At the end of November Jim and I took a trip to London. We were given a couple of tickets for The Race of Champions at the Olympic Stadium – the temptation was hard to resist. Although it was exciting, the temperatures took a dip so we sat chittering in the bitter cold cheering on David Coulthard and Suzie Wolf.
To be handy for the stadium we stayed at Leytonstone. The stadium was a twenty minute walk from Stratford Underground – providing ample opportunity to absorb the major redevelopment of the area. I hope the Olympic legacy is working because there's been a massive amount of money spent. I liked the stadium but there's a lot of over the top futuristic 'street furniture', including huge light sculptures, that must have cost a fortune but look pretty tacky.
To get out of the cold we went to the cinema; we we saw two films while we were there – Brooklyn, which was brilliant, and The Dressmaker, which was a bit of a weird farce and fairly put me off ever visiting the Australian outback. The Dressmaker was on in The Vue, which is at the very top of Westfield in Stratford, one of the largest shopping malls in Europe. There were crowds of people and queues everywhere in what seemed like acre upon acre of brash retail hell. I thought we were never going to find our way back out.
One place I loved was All You Read Is Love – the fantastic cafe / book shop run by Danish sister and brother team, Karen and Anders Karen Holst Bundgaard. It's no surprise that this comparatively new enterprise was named as an award winner in Time Out's Love London Awards.
I was delighted to see Karen again – we were on the same Creative Writing Course at Glasgow Uni. She was super busy so we didn't get much of a chance to chat but her cafe´ was the perfect place to hang out. The ambiance is boho and very relaxed– with comfortably quirky decor and there's a great selection of books and delicious home made food.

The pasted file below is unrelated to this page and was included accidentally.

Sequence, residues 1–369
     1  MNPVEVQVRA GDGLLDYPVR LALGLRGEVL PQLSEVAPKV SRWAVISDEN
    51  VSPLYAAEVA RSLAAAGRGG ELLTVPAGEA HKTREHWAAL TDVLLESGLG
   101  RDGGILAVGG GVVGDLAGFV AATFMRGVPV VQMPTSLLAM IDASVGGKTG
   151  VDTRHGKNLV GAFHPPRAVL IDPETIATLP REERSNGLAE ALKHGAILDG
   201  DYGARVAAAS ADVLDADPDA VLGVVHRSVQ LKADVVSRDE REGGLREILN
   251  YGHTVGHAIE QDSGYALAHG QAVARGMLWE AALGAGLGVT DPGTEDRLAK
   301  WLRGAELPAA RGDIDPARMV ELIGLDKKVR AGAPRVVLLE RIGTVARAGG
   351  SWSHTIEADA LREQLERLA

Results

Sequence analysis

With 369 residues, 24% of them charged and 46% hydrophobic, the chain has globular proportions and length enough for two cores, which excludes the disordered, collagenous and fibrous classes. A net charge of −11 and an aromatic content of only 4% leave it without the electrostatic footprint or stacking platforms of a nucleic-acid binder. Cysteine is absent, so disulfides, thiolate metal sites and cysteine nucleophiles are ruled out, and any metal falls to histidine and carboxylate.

We had planned to catch up with two of our London friends, Alex McIntosh and John Ellis and thought we would meet them in the cafe´. Unbelievably, John's East London Radio show is based in the same building so we met him and Alex before John's show went on air. The four of us had a great old chin wag. Alex and John hadn't met before but it was interesting to hear them sharing information about all the great walks they'd been in East London – including around nearby Epping Forrest. If the weather had been more clement, we might have featured this into our visit.
We caught up with John again at his gig at The Wanstead Tap – a fabulous performance space. John Ellis (The Vibrators and The Stranglers) is always a treat to watch and he was joined by Cult With No Name, post-punk electronic balladeers. They're very different, you can catch their music on Peter Braatz' documentary Blue Velvet Revisited. Kameliya Ivanova, a talented young singer songwriter was also on the bill.
We didn't spend all our time in East London and the Central Line proved to be very handy for getting into west and central London. We went by underground to Portobello Road, where we enjoyed checking out the vintage and antique stalls. Rather pricey compared to Glasgow but lovely to look at. We had a lovely lunch in an Italian Restaurant, Negozio Classica in Notting Hill
My favourite excursion was a jaunt to my old stomping ground in Chelsea. It was great to wander along Kings Road and we were delighted to discover the Saatchi Gallery, where we'd never been before, so we enjoyed checking it out. The small park at the entrance was magical with garlands of lights on the trees.
From there we caught a bus on Kings Road, which took us up through Knightsbridge to Leicester Square – it went at a snail's pace but we enjoyed admiring all the posh shop window displays. Then we took a stroll to another of my favourite places – Covent Garden – not quite so mobbed as Leicester Square, which was chaotic with all the tourists and crowds of youngsters milling around in great excitment at the arrival of somebody famous.
London is a place of mixed pleasures – it was fun but a bit exhausting.
Pat Byrne, December, 2015